These sorts of practices, along with the belief that the mandrake could bestow special strength and other abilities on those who used it, weren’t relegated just to ancient times, however. Even Adolf Hitler was said to have possessed a mandrake root, which was given to him by astrologer Erik Jan Hanussen on New Year’s Day in 1933. It is known, of course, that the Nazis were quite susceptible to the influence of the occult, which manifested in a number of the more odd beliefs surrounding their ethos. Hitler was, of course, no exception, and within just weeks of receiving his own mandrake root, he was appointed Chancellor of Germany.

It might be a stretch to refer to this charm the fuhrer has held as a “homonculus,” although traditions associated with the creation of miniature humans through alchemical means certainly did incorporate the mystical mandrake. In her scholarly paper on the subject of homonculi and artificial means of creating anthropoids, Mary Baine Campbell discussed ancient rituals that were discussed dating back to 29 B.C.E. which divulge such processes:

The allegorical image of the human production of a homunculus, or at least of parthenogenic males, stems from late antiquity and depends in part on Aristotelian ideas of the superior power of sperm to the female contribution of menstrual blood, as well as on the so-called bougonia, the technical production of bees from a dead cow described vividly in Book IV of Virgil’s Georgics (29 B.C.E.). Newman locates the first technical account of production of the homunculus in the originally Arabic Book of the Cow… It applies the basic (and grotesquely violent) techniques of the bougonia to the production by “spontaneous” generation of a magically powerful rational animal that can tell its maker “all things that are absent”; one can also vivisect it and, for instance, “use its fluids” to walk on water. Newman thinks it very likely that Paracelsus read this text. The ninth- and tenth-century texts attributed to Jabir considered the creature demonic, but themselves describe another technique by which the adept can make wholly new species, including, for instance, a girl with the face of a boy or even, with luck, “a being with prophetic powers.” The apparatus for this nondemonic production places the vessel inside a large metal rotating sphere designed to “simulate the effects of the crystalline spheres that rotate about the earth itself.”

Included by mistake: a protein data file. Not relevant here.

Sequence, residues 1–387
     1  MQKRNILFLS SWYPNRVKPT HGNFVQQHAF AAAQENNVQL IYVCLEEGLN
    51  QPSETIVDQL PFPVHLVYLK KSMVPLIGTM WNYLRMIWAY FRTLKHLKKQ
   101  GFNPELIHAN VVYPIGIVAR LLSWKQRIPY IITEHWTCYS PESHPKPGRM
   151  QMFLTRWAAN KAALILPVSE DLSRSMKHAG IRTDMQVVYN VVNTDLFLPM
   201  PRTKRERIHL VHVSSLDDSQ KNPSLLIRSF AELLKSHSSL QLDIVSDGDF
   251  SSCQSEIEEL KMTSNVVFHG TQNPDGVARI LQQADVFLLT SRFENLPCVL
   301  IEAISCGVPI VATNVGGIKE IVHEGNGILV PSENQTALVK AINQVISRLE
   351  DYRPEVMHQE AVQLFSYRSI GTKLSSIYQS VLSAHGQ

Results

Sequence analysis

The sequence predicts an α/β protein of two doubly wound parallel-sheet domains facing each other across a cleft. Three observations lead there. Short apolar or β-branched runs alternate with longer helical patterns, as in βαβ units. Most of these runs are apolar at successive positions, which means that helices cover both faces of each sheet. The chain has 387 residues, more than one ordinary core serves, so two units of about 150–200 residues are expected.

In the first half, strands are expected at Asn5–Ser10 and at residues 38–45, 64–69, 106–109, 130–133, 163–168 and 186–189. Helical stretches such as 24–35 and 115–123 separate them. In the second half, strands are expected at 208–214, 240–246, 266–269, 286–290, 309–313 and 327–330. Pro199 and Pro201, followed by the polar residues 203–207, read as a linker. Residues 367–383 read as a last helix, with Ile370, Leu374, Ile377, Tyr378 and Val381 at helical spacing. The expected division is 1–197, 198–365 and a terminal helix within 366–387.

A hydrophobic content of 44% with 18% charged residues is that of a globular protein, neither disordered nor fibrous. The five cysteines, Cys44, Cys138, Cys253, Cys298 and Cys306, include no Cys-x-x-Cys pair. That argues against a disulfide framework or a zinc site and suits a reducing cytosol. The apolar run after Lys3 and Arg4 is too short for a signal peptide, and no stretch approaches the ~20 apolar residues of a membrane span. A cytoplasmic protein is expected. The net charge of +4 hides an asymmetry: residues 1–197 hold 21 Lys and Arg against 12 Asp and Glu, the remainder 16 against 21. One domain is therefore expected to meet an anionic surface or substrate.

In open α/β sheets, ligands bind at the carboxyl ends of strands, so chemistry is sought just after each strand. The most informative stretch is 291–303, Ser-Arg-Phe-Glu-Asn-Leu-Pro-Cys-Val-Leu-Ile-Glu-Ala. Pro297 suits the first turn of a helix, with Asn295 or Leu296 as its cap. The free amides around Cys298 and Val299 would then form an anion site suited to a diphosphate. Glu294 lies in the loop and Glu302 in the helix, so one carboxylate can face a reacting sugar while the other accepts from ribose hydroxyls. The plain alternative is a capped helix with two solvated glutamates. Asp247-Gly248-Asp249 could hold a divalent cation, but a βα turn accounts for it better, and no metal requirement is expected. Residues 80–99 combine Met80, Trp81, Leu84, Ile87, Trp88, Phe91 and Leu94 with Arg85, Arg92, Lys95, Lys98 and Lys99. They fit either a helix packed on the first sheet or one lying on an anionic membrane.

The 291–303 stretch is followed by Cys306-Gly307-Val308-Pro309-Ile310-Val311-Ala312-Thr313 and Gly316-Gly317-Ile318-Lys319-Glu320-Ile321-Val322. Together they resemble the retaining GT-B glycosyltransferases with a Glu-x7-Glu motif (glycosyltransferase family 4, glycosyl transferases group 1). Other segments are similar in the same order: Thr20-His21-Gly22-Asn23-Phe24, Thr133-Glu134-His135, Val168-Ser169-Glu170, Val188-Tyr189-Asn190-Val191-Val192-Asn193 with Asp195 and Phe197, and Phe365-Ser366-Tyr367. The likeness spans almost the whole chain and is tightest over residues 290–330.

Here, of course, there is no mention of the mandrake, although later traditions would allow that a mandrake root, when obtained and treated properly, could achieve similar things. No doubt, the beliefs held with regard to mandrake’s usefulness in matters of love and childbirth, paired with it’s unusual shape, helped contribute to such legends. Whether or not it were actually possible to create artificial life from the treatment of a poisonous plant, in retrospect, it’s rather fascinating what lengths people would have seemed willing to go in ancient times, just to bring a demonic moonchild into existence, with futile hope that the creature would use its powers of divination to foretell of things to come; indeed, among other poison plants of the mystic tradition, the mandrake remains perhaps the very strangest.

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Micah Hanks is a writer, podcaster, and researcher whose interests cover a variety of subjects. His areas of focus include history, science, philosophy, current events, cultural studies, technology, unexplained phenomena, and ways the future of humankind may be influenced by science and innovation in the coming decades. In addition to writing, Micah hosts the Middle Theory and Gralien Report podcasts.